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January 29.

At sundown last night General Heintzelman sent fifty of the New York Thirty-seventh, under Lieutenant-Colonel John Burke, to capture some rebels, who were at Porter's, near Occoquan Bridge, Va. They had to march ten to eleven miles through mud, and reached there about one o'clock this morning. A dance was progressing in the house, which was frame, and covered with clapboards. A gun was fired, and they were ordered to surrender. They immediately refused, and opened fire on the National troops through a window, and then made port-holes through the sides, hoping that their firing would be heard by their comrades, and aid come to them. After considerable random firing, a whole platoon fired through the weather-boards, and in a few minutes afterwards the firing ceased, and some on cried out they had surrendered. On examination it was found that inside were bodies of nine privates and one major, of the Texan Rangers, and one civilian dead. The man of the house, Porter, about seventy years old, was taken up-stairs, with a musket, which he had been using from a window. The one who surrendered was a civilian, and he said he had been fiddling for a stag-dance; that he was a Union man, and did not fire a gun, but wanted them to surrender at first. The Nationals had one man killed and four wounded. They had the advantage of darkness to cover them, and only could be seen when a gun flashed in firing, while they never put out their lights. Thus not a rebel escaped to tell the tale, unless they had some outside as pickets.1

[20] Mason and Slidell arrived at Southampton, Eng., this morning. They embarked on board the British ship Rinaldo, at Boston, bound for Halifax. Owing to a furious gale, the Rinaldo could not make Halifax, and after trying ineffectually for four days to do so, she ran for Bermuda. Here the English admiral offered to send the commissioners home in Her Majesty's ship Racer, or convey them to St. Thomas to catch the West-India packet. The latter course was preferred.

They acknowledge having been treated in the most handsome manner on board the Rinaldo, and at Bermuda by the British authorities.

They were received at Southampton by the officers of the Confederate steamer Nashville and other gentlemen. A large crowd gathered together in the dock to catch a glimpse of men who had caused such anxiety, but no demonstration was made on their landing.--Manchester Guardian, January 30.

The Twelfth regiment of Iowa Volunteers, under command of Colonel Jackson J. Wood, arrived at Smithland, Ky., to-day.

The House of Delegates of Virginia passed resolutions in secret session, thanking, in appropriate terms, General Jos. E. Johnson for his distinguished services, and conferring, as a slight testimonial of appreciation by the Legislature, the right for life of annually appointing two cadets to the State Military Institute.--Norfolk Day Book, January 31.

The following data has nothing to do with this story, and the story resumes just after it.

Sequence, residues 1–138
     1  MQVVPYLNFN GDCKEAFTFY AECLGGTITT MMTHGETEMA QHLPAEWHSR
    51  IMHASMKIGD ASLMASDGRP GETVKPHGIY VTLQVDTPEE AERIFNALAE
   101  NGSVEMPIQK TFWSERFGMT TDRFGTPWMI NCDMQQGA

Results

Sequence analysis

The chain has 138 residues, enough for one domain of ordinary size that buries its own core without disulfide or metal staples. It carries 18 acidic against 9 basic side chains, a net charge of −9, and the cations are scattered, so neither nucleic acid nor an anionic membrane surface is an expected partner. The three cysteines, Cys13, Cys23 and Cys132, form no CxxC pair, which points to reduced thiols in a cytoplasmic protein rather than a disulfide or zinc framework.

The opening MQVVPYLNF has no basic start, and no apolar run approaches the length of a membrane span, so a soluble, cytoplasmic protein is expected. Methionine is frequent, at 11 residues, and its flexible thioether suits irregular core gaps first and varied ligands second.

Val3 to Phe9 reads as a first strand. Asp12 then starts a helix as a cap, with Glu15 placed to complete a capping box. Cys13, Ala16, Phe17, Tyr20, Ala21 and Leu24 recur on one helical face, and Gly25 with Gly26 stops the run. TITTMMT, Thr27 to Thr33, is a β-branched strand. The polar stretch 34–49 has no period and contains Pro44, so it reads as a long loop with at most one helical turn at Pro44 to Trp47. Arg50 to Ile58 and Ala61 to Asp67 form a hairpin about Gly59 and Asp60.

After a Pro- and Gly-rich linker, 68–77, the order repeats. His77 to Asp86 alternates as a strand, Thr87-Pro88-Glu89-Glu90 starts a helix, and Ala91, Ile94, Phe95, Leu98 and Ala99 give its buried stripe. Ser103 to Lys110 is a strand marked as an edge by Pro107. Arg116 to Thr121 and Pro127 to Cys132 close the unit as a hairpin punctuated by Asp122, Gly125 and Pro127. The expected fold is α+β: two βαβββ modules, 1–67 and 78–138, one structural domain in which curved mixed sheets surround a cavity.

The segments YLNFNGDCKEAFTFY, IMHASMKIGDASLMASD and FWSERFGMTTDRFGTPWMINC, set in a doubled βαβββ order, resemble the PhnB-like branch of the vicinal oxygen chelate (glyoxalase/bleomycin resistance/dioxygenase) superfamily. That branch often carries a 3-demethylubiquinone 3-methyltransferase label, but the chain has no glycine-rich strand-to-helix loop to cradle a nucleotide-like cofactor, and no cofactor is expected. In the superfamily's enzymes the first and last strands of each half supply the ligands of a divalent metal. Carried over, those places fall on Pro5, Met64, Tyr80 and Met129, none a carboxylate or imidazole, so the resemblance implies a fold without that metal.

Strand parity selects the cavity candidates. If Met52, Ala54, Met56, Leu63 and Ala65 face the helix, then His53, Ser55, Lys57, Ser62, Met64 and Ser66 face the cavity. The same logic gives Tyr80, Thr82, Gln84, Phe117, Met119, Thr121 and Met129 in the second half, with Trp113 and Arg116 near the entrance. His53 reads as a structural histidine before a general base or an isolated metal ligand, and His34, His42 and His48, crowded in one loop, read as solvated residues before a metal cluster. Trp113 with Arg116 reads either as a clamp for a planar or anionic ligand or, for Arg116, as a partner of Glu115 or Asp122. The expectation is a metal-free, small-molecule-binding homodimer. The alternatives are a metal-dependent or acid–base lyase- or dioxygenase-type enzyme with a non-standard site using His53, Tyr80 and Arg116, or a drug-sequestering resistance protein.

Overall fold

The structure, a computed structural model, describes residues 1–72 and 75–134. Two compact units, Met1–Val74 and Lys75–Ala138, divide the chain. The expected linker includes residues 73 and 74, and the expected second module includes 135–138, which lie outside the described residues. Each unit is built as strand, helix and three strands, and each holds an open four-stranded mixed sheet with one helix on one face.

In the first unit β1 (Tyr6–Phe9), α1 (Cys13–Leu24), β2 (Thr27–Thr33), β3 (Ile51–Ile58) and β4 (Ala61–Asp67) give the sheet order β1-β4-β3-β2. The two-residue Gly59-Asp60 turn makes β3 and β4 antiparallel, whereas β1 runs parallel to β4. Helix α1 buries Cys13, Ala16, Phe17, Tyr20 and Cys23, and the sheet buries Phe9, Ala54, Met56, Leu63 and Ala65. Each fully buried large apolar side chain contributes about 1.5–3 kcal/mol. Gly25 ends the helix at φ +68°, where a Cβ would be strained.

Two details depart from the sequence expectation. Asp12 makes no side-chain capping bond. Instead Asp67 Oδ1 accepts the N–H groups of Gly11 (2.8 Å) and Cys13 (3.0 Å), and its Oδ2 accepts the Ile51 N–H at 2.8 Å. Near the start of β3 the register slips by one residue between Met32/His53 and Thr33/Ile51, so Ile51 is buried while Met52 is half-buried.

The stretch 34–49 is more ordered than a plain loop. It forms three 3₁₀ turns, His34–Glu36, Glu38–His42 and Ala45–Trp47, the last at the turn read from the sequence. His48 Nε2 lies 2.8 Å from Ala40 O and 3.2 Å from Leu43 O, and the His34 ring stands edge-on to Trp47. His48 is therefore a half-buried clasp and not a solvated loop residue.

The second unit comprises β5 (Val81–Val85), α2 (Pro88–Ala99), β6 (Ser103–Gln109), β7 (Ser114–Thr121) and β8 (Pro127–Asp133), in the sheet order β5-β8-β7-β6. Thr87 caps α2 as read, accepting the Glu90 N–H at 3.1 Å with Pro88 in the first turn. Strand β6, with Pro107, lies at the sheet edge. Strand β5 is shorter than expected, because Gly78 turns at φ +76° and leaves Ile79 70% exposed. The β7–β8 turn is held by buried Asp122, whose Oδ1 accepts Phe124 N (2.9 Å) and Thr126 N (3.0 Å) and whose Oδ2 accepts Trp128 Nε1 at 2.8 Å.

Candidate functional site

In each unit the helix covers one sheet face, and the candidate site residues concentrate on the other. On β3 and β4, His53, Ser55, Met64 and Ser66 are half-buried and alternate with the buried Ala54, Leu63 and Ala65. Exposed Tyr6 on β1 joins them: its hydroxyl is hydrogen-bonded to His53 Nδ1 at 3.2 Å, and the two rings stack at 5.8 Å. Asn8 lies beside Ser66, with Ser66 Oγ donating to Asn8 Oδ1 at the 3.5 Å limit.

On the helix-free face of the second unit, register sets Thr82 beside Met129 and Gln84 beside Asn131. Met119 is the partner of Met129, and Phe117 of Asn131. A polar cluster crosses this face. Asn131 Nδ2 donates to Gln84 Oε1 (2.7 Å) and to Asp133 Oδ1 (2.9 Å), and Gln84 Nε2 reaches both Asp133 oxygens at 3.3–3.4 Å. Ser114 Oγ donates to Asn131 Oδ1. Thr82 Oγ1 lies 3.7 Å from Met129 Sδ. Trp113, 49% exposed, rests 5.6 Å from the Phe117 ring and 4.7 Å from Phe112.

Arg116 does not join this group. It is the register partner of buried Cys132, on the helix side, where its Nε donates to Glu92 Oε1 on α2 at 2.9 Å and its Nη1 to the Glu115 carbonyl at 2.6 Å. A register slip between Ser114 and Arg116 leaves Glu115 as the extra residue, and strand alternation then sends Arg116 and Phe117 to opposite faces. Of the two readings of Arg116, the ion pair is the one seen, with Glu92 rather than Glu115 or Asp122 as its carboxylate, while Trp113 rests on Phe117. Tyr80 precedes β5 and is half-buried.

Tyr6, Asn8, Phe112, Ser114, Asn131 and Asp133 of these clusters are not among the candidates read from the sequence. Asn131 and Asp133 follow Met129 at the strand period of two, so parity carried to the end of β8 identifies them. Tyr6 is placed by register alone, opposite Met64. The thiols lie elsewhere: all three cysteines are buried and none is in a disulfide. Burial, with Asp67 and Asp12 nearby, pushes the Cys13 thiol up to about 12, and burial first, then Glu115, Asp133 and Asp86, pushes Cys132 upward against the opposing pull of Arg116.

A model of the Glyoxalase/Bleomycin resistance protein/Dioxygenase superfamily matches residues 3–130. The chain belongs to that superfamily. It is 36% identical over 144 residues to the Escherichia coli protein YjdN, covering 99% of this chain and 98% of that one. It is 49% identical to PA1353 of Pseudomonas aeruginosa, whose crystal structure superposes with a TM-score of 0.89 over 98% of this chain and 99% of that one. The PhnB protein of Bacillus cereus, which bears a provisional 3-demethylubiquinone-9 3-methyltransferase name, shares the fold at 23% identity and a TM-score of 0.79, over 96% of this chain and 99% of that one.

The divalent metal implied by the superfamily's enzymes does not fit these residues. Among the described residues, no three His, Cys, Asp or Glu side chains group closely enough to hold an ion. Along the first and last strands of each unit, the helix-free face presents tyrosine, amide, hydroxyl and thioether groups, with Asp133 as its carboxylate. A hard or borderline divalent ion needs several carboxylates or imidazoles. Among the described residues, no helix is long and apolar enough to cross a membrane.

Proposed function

The rebel Major-General Earl Van Dorn, issued an order assuming command of the Trans-Mississippi District Department, embracing the State of Arkansas, part of the State of Missouri, the Indian Territory west of Arkansas, and the State of Louisiana as far south as Red River. The headquarters of the department are at Pocahontas, Ark.--(Doc. 22.)

1 The following acknowledgments of bravery in this action were made public soon after it occurred:

Headquarters army of the Potomac, Washington, Jan. 31, 1862.
Special Order, No. 31:

The Commanding General thanks Lieutenant-Colonel John Burke, Thirty-seventh New York Volunteers, and the handful of brave men of that regiment, and the First New Jersey Cavalry, under his command, for their services in the affair at Lee's house, on Belmont or Occoquan Bay, on the night of the 28th inst. Their coolness under fire, and the discretion and judgment displayed by Lieutenant-Colonel Burke, have won the confidence of the Commanding General, who recognizes in these qualities the results of discipline and attention to duty.

By command of

Official copy.

Headquarters division, Fort Lyon, Va., Jan. 30, 1862.
General Orders, No. 2:

The General commanding the Division takes pleasure in commending Lieutenant-Colonel John Burke, of the Thirty-seventh New York Volunteers, the officers and men with him, together with the guide, Williamson, for the gallantry and good conduct displayed by them in destroying a party of Texan Rangers, located at Mrs. Lee's house, on the banks of the Occoquan, and in sight of the rebel batteries. It is to be regretted that after all resistance had ceased, a more thorough search was not made of the house to discover the actual loss of the enemy, and to bring away all their arms.

By order,

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